I finished the one border of burgundy hexagons that I was working on when I was at the First Slow Stitching Movement Getaway last month. I have since put the Batik Flower Garden Quilt aside so I could focus on my new Janome Skyline S5 sewing machine.
You may recall that I was experiencing some significant stash envy as I was preparing to go to the stitching retreat. I call it a stitching retreat because the Slow Stitching Movement embraces those who knit and embroider, not just those who quilt and piece. It would be wrong to call it a quilting retreat.
Above are the strips that I cut to take with me to the retreat for the daily sewing activity. It turned out that we used the one inch strips to do log cabin blocks. I can’t do justice to the activity by trying to describe it. You kind of had to be there, but it was meditative, and there was a different emphasis on the thought process each day. Our log cabin stitching work occurred in the morning following our morning writing, which is an exercise taken from the book “The Artist’s Way”.
I completed about two and a half blocks while I was at the retreat during the stitching exercise segments and also while I was using the machine trying to decide if I wanted to buy it or not. When my machine was delivered last Wednesday I set it up on my dining room table and continued to work on the log cabin blocks in an effort to familiarize myself with the machine.
Below you can see the state that my dark and light strip collections were in after I finished four blocks. I didn’t cut any new strips while I was creating those blocks.
I have to admit that I am quite intimidated by the machine. I have not yet scheduled my class with Pocono Sew and Vac, and I will do that soon. Until then I am getting to know the most basic features of the machine. I have not tried any fancy stitches, nor have I tried any feet other than the one that was installed on the machine when I got it. I haven’t even threaded the machine or loaded the bobbin since I am still working with the thread installed on the machine as a demo unit.
I love the needle up/down feature.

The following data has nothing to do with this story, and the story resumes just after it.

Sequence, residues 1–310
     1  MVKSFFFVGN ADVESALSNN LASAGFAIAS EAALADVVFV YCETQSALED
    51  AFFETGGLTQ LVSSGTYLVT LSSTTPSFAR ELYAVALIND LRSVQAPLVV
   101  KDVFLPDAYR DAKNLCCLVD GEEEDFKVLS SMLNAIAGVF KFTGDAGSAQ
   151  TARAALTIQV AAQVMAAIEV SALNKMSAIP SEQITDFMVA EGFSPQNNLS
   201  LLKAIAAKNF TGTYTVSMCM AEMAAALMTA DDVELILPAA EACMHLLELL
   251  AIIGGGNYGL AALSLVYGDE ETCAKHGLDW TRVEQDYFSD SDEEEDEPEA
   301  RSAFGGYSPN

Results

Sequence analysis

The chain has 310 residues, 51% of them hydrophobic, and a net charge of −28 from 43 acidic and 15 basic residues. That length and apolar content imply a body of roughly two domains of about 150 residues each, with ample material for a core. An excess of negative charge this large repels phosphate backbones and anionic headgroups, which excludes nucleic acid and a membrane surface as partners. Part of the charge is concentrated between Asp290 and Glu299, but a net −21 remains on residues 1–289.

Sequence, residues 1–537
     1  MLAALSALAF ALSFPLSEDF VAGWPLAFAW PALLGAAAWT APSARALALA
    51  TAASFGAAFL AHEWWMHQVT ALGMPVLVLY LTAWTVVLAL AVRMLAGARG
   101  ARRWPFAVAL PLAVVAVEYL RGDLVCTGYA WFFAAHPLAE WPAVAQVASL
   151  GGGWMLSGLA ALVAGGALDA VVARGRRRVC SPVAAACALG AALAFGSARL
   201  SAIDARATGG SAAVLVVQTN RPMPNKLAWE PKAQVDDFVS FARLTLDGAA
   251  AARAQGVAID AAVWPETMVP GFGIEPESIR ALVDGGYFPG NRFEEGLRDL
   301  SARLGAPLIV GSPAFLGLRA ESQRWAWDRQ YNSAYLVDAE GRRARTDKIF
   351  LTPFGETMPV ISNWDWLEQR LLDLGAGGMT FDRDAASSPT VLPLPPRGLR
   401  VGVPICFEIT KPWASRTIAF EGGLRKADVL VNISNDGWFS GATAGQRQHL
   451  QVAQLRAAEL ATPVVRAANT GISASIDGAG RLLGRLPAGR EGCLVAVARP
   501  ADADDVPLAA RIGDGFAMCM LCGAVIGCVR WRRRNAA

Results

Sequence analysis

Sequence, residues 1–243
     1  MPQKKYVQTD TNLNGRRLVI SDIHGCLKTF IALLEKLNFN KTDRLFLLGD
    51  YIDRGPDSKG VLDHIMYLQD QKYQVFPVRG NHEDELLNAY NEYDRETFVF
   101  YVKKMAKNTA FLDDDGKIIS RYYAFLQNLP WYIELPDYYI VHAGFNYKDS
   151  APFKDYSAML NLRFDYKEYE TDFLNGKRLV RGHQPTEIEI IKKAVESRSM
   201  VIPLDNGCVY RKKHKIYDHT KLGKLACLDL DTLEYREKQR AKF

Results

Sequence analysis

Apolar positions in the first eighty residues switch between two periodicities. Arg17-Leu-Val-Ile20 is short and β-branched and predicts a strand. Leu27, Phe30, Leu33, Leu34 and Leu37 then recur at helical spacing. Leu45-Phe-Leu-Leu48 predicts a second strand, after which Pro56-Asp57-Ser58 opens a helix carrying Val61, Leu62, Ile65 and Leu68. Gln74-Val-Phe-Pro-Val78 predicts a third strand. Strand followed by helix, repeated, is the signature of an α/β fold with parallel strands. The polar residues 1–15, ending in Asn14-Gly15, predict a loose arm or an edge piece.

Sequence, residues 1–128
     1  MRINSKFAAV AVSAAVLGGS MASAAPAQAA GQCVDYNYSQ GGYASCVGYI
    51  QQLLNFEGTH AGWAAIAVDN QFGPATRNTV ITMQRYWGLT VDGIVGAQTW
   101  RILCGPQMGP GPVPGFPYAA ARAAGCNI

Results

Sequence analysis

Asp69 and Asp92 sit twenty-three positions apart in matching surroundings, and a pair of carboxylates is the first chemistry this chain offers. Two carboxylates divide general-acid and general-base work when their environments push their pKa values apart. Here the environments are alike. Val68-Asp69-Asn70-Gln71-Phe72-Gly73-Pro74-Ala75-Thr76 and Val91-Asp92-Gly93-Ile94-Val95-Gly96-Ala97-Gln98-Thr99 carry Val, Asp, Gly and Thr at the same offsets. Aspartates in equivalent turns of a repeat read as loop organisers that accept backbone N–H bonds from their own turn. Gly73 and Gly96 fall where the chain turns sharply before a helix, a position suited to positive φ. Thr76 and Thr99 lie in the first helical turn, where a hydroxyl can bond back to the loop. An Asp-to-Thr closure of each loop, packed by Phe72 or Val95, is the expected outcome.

I love the thread cutter.
I have used the knee lift, but don’t really feel the need to use it. I think maybe I need to adjust the angle to get the best use out of it, and if I were doing free motion quilting I bet it would come in handy. At first I used the foot pedal to control the speed, but decided to give the “Start/Stop” button a try. You have to unplug the foot pedal to use the button to start and stop the machine. It took some getting used to, but I think I like using the button instead of the pedal. I set the speed relatively slow because once you activate stitching with the button it speeds up to the maximum speed you have it set for. In the photo below you can see that I have it set fairly slow. When you first touch the button as long as you keep your finger on it, it goes quite slowly. When you take your finger off the button it speeds up to what you have set. You can slow the machine down when you decide to stop stitching by holding the button and releasing it on the last stitch.
Using the “Stop/Start” button would allow me to place the machine on a counter and sew standing up, which would be a great benefit in terms of fitness.
I watched the DVD that came with the machine, but taking the class is really going to make a big difference for me. I will be able to ask some questions about free motion quilting. I have no idea how to get started with free motion, or even with a walking foot. I definitely want to know whether I should be purchasing add-on feet for quilting or using the provided feet for quilting. The machine comes with a basic darning foot that looks like it could be used for free motion, and with an even feed foot, but Janome makes add-on feet as well. There must be a reason for that.
I made four blocks and decided to add them together with the darker portions in the center. It is my goal to bat and back this unit, and to do some machine quilting on it, perhaps with the provided even feed (walking) foot.
The one design decision that I did make when piecing was to be sure that I included some crimson on all four squares. I also ended two of the squares with the very dark blue fabric. That paid off as a unifying element when it came time to join the blocks, especially since the two other squares used the crimson fabric along the edge.
I sure did sort my strips well by value. Look at the way that dark section pops! I can’t say I am in love with this piece as an aesthetic object. However, I am really enjoying the process, and I am enjoying learning about the machine too. I want to learn how to do new things.
I showed this piece to my husband after I was done putting the four units together. He had seen me working on it. His comment was, “You really did put that together quickly with the machine.” He is used to observing me sitting on the couch with English Paper Piecing for hours with little result. I must say that the speed with which this came together gives me pause. Where is the money going to come from for all the fabric I would consume if I were to get serious about using the machine?
Hmmmmmm. I knew there was a reason I liked paper piecing. One of the reasons I chose to work with hexagons is that I knew they would not break the bank. Speaking of breaking the bank, I made a serious investment in new fabrics at the retreat and at the Pennington Quilt Works on the way home. I bought them specifically to expand my horizons in hexagon work. I may be showing those fabrics off soon.
Is there anyone reading this from the Slow Stitching Movement Retreat who also purchased the Skyline S5?